It is precisely for this reason that God sent His Son to the cross and at that vital moment hid His face from His own Son. Because God is of 'purer eyes than to behold evil' Jesus could not sense the Father's face and cried out 'Why have you forsaken me?'

Not to long ago I read the novel 'The Help.' We are with Beth and Ronnie and last night the Armed Forces Network showed the film. Toward the end one of the maids has been fired for her role in writing the book about how black servants were treated in the Old South. As she leaves the little girl she cared for is pounding on the window screaming for her as she walks away.

That image reminds me of something of what it might be like to be forsaken. Man's sins separate him from the God who is too pure to look on evil. Man could never look to God for deliverance apart from the sacrifice of the Perfect One who accepted being forsaken for our sake.

Yes, God is too pure to look on evil, but He sent His Son to cover sin over so that we can have communion with Him.  

Monday, 12 March 2012

My favourite verse

The LORD is good, A stronghold in the day of trouble; And He knows those who trust in Him. – Nahum 1v7

I don’t necessarily like being tied down to one favourite verse or one ‘life verse’ but when I am put in that situation this is my go to verse. I just love the way so much is packed in there together. The Lord is good. The Lord is a stronghold the day of trouble. The Lord knows those who trust in Him.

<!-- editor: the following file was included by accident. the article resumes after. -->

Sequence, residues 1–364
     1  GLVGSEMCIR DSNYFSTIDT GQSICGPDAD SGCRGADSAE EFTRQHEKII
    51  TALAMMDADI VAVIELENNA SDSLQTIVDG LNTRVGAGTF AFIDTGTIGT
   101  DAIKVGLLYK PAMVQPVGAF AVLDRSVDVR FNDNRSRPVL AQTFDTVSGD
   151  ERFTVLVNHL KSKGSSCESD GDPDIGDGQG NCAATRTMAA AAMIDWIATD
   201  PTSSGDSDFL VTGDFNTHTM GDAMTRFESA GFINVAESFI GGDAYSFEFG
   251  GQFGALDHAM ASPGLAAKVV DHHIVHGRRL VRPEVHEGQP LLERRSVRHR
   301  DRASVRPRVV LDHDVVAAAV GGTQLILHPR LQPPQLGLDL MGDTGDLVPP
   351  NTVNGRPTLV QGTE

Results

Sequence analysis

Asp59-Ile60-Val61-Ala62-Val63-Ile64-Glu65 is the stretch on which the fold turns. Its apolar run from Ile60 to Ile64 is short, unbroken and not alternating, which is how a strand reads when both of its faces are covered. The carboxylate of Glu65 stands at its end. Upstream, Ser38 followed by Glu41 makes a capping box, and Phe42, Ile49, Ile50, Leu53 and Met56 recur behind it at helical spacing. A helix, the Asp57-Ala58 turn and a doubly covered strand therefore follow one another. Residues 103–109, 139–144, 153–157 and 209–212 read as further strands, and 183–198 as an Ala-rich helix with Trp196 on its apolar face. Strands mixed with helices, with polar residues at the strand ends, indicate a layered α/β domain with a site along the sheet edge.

This says so much about who our Lord is and how He sees us.

First, the Lord is good. What a simple little statement that means so much. God is good, every day, all the time. His goodness is beyond measure. No matter what I face I can face it in the knowledge that God is indeed good and His goodness will carry me through.

Second, the Lord is my stronghold in the day of trouble. I have a place to run when things get tough. I have a keep to run to for protection when things get bad. The troubles will come, there is no doubt about that. But when they come I have a stronghold I can cling to.

Third, the Lord knows those who trust Him. The psalmist put it perfectly in Psalm 139 when he wrote, 'You have searched me and You know. You know all about me,' When we think non one knows or understands or cares what we are going through we can rest in the perfect assurance that God does know.

God is good. He my stronghold when things get tough. He knows.

What more could we ask for?

Sunday, 11 March 2012

The Lord is slow to anger